Joseph Abboud with Streets offerings.
Appeared In
Special Issue
Menswear issue 09/26/2011

HMX Group, the American men’s wear giant formerly known as Hartmarx, is kicking off a grand experiment. On the heels of a two-year campaign to reinvent itself, the New York-based manufacturer has unveiled Streets, a new retail concept to showcase all six of its brands, among them Hickey Freeman, Hart Schaffner Marx and Bobby Jones. With an elegant yet unpretentious atmosphere, the stores will offer limited edition pieces as well as made-to-measure services.

This story first appeared in the September 26, 2011 issue of WWD.  Subscribe Today.


“We are creating a retail laboratory that will allow us to bring everything under one roof and test new product,” says Doug Williams, HMX’s chief executive officer. “It will help us figure out what works and what doesn’t.”


The first store, Streets of Beverly Hills, made its debut at the end of August in Los Angeles, and at press time, a second, Streets of Georgetown, was about to open in a 4,000-square-foot space on Wisconsin Avenue in Washington, D.C. Although the branding is consistent, the names reflect “our desire to have stores that have intimate relationships with the communities in which they reside,” Williams explains.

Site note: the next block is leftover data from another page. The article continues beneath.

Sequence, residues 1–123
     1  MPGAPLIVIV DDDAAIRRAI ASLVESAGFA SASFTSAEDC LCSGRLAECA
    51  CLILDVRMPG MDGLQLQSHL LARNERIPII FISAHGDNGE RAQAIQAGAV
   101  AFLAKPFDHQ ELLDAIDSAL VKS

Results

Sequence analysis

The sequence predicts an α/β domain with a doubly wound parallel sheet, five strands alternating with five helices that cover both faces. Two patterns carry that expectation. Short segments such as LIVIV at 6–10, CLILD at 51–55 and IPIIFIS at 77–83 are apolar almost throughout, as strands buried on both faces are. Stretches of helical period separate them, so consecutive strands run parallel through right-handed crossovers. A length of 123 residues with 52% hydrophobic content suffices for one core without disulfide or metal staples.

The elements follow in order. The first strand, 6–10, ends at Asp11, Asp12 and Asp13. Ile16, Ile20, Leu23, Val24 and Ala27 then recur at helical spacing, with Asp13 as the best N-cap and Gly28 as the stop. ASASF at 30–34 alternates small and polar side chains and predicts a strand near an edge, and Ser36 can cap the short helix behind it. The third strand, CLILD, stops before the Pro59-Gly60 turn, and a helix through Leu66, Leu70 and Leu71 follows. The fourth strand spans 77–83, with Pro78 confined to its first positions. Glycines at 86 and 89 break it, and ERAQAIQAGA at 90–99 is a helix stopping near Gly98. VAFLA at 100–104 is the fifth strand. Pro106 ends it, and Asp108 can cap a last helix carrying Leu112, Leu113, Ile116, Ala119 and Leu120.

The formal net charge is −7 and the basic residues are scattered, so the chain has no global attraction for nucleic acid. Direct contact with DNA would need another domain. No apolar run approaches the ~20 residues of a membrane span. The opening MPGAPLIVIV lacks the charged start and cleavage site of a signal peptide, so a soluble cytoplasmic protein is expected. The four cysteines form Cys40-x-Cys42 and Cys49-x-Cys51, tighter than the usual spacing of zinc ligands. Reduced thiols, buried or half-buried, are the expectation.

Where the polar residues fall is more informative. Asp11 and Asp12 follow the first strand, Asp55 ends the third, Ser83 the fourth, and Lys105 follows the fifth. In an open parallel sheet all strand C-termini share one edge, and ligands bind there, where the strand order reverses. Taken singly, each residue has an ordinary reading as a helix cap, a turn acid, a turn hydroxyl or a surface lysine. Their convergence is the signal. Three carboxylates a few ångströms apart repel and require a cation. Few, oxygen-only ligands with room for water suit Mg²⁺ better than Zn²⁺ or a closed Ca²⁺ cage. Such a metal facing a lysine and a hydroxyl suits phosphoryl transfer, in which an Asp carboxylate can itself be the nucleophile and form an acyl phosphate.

That sense of intimacy extends to the stores’ ambience as well. “It will be an American Savile Row concept,” Joseph Abboud, president and chief creative officer, says of the venture, which is expected to include two or three more stores next year in key cities such as New York, Boston and Chicago. “It will have a luxury feel, but it won’t feel off-putting.”


Streets’ made-to-measure area is designed to feel like a workshop rather than a sterile retail department. “We want to engage the customer with an exciting, interactive environment,” says Abboud.
The stores will also offer HMX’s Coppley and Palm Beach labels—and later, the company’s newest initiative, Reid & Taylor, an authentic Scottish brand to be launched for fall 2012. Beyond that, they will sell select third-party items, such as Filson bags.


Inventory will vary from one store to the next, and the limited edition pieces will be numbered. “We might make a patchwork cashmere jacket, for example,” says the designer. “And because we own our own factories, I can make just 12 or 24 pieces.”